MITCHELL, Sin. THOMAS LIVINGSTONE (1792-1855), Australian explorer, was a son of Mitchell of Craigend, Stirlingshire, where he was born, June 16, 1792. From 1808 to the end of the Peninsular War he served in Wellington's army, and for his services received the medal and five clasps, and was raised to the rank of • major. He was appointed to survey the battlefields of the Peninsula, and his map of the Lower Pyrenees is still admired. .In 1827 he was appointed deputy surveyor-general, and afterwards surveyor-general, of New South Wales. He devoted himself to the exploration of Australia, making four expeditions for that purpose between 1831 and 1846. During these expeditions he discovered the Peel, the Namoi, the Gwyder, and other rivers, traced the course of the Darling and Glenelg, and was the first to penetrate into that portion of the country which he named Australia Felix. His last expedition was mainly devoted to the discovery of a route between Sydney and the Gulf of Carpentaria, and during the journey he explored the Fitzroy Downs, and discovered the Balonne, Victoria, Warrego, and other streams. In 1838, while in England, Mitchell published the narrative of his first three journeys, Three Expeditions into the Interior of East Australia (2 vols.). In 1839 he was knighted and made a D.C.L. of Oxford. During this visit he took with him some of the first specimens of gold and the first diamond found in the country. In 1848 the narrative of his second expedition was published in London, .Journal of an Erpedition into the Interior of Tropical Australia. In 1851 he was sent to report on the Bathurst gold-fields, and in 1853 he again visited England and patented his boomerang propeller for steamers. He died at his residence at Darling Point, Sydney, October 5, 1855.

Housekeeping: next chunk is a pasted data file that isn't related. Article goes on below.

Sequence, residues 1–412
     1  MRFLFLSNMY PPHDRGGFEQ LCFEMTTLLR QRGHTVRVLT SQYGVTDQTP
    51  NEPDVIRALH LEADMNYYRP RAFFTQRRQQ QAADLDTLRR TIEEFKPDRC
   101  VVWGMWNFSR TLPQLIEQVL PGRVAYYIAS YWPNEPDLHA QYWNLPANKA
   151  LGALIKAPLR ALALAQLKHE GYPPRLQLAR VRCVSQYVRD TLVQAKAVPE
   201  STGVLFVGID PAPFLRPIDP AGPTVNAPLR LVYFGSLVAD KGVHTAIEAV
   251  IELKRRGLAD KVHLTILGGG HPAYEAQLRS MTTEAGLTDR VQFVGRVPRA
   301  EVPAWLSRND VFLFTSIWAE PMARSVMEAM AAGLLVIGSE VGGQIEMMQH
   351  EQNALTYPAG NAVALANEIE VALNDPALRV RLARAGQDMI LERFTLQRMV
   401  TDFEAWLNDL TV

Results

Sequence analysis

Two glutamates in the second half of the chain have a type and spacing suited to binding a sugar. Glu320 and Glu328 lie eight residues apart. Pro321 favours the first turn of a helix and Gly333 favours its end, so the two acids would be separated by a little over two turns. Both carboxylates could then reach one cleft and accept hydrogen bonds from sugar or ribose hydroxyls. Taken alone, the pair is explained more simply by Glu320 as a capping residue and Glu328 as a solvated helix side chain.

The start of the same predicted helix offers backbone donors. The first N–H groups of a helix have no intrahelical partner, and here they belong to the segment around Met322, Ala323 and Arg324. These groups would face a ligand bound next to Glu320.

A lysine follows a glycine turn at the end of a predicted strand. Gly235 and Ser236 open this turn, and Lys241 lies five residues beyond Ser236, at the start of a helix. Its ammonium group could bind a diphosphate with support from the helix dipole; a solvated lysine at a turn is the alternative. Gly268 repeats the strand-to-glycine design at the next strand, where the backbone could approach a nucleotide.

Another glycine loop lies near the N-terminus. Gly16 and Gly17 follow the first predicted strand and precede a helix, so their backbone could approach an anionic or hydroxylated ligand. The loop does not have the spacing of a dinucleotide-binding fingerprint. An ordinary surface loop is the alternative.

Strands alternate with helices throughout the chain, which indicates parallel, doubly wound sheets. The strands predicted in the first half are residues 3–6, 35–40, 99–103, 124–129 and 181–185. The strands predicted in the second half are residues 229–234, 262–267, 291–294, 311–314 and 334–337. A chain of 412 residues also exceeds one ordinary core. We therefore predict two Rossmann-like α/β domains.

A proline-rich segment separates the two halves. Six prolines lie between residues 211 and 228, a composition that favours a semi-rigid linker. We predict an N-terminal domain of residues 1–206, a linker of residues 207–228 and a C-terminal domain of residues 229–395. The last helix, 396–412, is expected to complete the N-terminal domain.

Besides the above works, Mitchell wrote a book on Geographical and Military Surveying (1827), an Australian Geography, and a translation of the Lashed of Camoens.